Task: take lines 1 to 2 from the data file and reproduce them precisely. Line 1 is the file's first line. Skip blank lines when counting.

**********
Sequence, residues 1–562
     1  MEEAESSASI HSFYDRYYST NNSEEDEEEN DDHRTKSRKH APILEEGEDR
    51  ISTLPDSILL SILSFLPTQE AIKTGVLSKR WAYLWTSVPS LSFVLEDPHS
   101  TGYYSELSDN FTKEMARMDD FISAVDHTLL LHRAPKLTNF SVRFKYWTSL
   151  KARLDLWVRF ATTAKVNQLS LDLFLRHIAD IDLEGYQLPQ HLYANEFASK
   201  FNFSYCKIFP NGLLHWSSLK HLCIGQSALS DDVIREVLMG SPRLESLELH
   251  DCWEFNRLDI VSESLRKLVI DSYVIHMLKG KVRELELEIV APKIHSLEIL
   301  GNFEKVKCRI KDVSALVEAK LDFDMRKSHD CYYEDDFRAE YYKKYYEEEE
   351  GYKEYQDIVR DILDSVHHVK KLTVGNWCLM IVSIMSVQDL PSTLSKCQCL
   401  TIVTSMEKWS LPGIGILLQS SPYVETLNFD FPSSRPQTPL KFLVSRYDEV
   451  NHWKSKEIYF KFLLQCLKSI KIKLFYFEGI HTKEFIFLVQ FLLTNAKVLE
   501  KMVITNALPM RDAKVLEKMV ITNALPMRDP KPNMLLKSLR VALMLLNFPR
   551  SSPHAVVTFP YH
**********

Sequence, residues 1–562
     1  MEEAESSASI HSFYDRYYST NNSEEDEEEN DDHRTKSRKH APILEEGEDR